Charter Schools: Time to Clear the Obstacles

By Peirce, Neal R. | Nation's Cities Weekly, November 11, 1996 | Go to article overview

Charter Schools: Time to Clear the Obstacles


Peirce, Neal R., Nation's Cities Weekly


Across America, the charter school movement - a wave of new public schools held accountable for the performance for their students - is thriving. This fall there are some 375 charter schools operating in 27 states.

But a dark cloud hangs over the movement. In state after state, local school boards and teacher unions are trying to quash charters.

The reason: The spirited, upstart charter schools - usually created by groups of teachers, parents or local colleges - are a threat to established school bureaucracies and unions' exclusive bargaining rights.

Reports the Indianapolis-based Hudson Institute: "Charter schools may be the most vibrant force in American education today. They are also a subversive influence with the potential to do great harm to the status quo and great good to children."

Hudson quickly rebuts opponents' charge that charters are elitist enclaves that simply siphon top students from regular public schools. In its sampling of 42 charter schools in seven states, Hudson found 63 percent of the 8,400 students were minorities.

The University of Minnesota's Joe Nathan, in his just released book, "Charter Schools" (Jossey-Bass), reports that many charter schools are organized to serve students who were below-average performers or abject failures at their prior schools.

A prime example is the four-year old City Academy in St. Paul, which only accepts dropouts from elsewhere - many students explaining "I didn't think anyone cared" or "I was too far behind." Most are low-income and minority youth.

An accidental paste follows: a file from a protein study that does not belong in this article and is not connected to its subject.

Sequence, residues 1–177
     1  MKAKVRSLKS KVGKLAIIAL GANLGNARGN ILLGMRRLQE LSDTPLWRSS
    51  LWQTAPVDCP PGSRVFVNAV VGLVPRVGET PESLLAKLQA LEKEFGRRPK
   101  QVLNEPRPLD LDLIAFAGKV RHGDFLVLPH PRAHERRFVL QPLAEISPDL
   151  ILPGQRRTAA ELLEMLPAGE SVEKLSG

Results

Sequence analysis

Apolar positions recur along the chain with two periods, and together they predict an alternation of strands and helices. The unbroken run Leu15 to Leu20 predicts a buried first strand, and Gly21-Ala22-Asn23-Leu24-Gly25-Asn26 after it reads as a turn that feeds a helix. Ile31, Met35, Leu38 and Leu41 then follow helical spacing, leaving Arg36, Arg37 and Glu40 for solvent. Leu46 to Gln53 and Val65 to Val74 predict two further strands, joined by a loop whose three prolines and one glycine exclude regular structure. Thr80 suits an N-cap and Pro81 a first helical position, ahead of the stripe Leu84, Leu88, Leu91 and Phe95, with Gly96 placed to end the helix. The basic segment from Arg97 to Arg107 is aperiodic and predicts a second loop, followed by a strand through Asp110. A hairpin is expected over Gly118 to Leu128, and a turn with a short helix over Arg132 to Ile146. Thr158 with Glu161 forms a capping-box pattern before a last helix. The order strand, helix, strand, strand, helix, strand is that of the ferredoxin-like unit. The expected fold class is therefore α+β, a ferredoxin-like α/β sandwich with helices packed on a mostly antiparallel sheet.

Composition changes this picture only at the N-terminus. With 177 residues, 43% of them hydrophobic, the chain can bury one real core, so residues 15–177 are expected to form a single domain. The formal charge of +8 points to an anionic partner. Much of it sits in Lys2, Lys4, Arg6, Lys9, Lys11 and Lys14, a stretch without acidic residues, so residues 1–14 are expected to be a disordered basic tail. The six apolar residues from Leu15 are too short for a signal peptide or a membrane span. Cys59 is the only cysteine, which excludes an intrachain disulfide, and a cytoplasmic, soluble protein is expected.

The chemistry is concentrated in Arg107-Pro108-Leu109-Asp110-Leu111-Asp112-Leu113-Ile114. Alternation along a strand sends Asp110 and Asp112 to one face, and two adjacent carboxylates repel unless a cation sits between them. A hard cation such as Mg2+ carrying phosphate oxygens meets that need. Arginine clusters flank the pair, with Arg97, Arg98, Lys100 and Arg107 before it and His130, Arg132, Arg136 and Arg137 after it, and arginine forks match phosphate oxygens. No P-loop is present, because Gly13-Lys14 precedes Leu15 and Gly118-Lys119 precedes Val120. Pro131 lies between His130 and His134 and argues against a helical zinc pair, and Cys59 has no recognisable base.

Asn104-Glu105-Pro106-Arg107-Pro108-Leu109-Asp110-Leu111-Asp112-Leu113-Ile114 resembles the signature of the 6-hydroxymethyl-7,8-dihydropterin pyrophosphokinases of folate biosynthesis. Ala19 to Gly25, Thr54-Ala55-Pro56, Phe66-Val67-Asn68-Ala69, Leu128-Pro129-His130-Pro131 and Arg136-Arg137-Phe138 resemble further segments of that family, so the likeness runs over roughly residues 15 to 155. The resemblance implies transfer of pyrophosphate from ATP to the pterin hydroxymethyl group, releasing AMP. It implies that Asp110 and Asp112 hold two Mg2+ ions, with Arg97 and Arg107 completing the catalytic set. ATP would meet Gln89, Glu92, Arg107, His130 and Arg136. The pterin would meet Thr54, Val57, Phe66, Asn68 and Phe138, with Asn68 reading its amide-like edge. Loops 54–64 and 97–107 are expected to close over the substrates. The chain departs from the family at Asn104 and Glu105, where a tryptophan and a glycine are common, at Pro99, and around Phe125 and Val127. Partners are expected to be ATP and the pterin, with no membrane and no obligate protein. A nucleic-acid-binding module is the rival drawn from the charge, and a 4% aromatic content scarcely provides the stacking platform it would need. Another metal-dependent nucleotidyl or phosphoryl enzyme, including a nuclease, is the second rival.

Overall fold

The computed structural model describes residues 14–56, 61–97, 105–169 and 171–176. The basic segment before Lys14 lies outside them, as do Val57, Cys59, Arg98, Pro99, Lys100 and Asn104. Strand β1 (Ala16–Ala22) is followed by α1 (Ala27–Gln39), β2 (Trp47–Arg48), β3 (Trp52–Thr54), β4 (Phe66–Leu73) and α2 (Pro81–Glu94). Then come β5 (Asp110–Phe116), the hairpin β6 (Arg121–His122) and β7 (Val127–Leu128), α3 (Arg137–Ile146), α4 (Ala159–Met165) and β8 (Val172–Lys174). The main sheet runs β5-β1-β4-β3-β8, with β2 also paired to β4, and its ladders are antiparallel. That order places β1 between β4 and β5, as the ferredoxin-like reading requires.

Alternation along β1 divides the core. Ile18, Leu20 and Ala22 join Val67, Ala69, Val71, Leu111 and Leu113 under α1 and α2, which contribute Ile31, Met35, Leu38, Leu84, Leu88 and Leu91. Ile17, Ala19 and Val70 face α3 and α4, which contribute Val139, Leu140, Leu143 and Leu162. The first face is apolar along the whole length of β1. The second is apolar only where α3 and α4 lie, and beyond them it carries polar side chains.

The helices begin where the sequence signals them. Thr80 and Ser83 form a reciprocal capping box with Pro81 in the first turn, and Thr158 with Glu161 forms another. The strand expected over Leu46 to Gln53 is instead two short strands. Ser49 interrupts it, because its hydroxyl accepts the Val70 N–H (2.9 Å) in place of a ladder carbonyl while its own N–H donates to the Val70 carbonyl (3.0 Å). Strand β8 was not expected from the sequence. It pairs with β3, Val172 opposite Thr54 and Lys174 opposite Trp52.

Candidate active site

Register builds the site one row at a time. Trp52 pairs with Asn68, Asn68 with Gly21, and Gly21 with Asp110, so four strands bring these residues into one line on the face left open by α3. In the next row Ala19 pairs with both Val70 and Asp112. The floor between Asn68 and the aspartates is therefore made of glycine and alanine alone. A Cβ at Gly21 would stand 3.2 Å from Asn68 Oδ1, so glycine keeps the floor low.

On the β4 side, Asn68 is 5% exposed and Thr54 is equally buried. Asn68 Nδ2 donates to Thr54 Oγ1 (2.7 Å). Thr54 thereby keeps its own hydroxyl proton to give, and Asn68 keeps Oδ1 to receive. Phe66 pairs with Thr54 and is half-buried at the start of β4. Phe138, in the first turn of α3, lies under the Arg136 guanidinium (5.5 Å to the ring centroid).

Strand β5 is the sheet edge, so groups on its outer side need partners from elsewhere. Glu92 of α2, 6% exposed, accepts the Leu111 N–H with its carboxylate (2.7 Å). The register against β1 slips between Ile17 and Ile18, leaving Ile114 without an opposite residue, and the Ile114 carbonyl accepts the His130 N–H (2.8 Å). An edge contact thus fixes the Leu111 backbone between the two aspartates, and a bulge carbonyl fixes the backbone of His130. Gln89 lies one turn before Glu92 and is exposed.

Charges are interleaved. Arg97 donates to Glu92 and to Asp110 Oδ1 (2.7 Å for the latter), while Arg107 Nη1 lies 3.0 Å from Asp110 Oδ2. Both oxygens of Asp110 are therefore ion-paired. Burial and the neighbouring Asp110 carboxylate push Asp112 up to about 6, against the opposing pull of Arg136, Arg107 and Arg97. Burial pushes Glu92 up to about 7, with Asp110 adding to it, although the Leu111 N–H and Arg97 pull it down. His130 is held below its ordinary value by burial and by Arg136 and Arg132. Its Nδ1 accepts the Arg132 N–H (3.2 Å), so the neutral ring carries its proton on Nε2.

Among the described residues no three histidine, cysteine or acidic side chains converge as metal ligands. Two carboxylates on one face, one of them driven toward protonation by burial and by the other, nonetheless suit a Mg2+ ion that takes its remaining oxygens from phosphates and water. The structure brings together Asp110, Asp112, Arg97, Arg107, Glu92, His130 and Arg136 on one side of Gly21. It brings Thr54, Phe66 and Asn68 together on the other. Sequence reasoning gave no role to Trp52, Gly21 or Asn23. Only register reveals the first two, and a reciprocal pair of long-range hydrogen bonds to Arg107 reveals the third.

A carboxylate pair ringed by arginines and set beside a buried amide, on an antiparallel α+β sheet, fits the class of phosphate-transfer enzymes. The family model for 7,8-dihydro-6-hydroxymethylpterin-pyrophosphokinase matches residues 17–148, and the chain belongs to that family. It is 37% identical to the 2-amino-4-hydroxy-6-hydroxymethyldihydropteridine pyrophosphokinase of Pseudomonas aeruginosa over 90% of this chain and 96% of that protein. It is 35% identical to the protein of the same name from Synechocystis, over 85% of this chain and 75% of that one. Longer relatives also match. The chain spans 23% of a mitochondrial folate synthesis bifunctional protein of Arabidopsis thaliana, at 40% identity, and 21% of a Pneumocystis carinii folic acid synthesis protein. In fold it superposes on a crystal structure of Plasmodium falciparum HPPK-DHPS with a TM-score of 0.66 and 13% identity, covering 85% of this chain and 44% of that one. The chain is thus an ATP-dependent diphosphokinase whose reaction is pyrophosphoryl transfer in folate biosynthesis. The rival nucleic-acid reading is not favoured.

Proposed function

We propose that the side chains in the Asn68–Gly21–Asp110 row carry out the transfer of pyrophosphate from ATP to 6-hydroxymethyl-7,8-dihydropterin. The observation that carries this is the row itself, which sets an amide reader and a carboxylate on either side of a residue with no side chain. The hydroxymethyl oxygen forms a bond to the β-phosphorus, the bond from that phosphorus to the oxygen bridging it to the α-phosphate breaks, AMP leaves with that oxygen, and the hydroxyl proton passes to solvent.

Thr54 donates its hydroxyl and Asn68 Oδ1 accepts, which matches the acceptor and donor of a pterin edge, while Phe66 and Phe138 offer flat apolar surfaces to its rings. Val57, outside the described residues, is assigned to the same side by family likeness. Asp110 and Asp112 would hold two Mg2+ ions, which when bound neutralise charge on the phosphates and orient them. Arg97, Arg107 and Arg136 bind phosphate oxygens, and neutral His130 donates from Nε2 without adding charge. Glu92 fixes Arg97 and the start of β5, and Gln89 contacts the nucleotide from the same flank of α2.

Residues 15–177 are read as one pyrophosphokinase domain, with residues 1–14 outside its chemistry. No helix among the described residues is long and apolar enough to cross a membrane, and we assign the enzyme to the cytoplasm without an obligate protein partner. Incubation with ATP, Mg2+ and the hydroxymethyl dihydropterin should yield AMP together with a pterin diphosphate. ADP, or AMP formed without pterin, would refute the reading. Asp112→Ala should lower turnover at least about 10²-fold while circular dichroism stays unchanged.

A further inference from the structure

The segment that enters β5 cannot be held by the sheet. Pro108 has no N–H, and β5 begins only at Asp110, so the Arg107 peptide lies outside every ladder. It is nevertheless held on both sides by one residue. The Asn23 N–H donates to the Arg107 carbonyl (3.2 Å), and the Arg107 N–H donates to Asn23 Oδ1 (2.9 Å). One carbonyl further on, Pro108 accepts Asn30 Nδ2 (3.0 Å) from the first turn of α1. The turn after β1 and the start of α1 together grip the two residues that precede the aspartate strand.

But the City Academy has created an atmosphere of respect and high expectations. It has a waiting list of applicants. It easily won rechartering by local authorities last year, based on excellence in performance.

Charter schools, Hudson reports, are drawing talented, unconventional teachers. It found parents and students are attracted by charter schools' atmosphere of rigorous academic expectations, safety, committed teachers and "family-like" feeling.

Across America, that story is being repeated. Nathan cites pioneers like Rexford Brown, who founded and runs PS1, an award-winning Denver inner city charter school. Or Richard Farias, a community center leader and advocate for Hispanic kids in Houston, who in fact has local teacher union support in his bid to open a charter school.

Yet 375 charter schools nationwide are a drop in the bucket in contrast to the need for lively new schools with a capacity to gain kids' attention and loyalty.

Nathan cites cases from over a dozen states, spread from Massachusetts to California, Michigan to Nevada, in which unions or school boards have exerted political muscle to prevent charter schools altogether, put a strict limit on how many can be created, or restrict sponsorship to local boards. …

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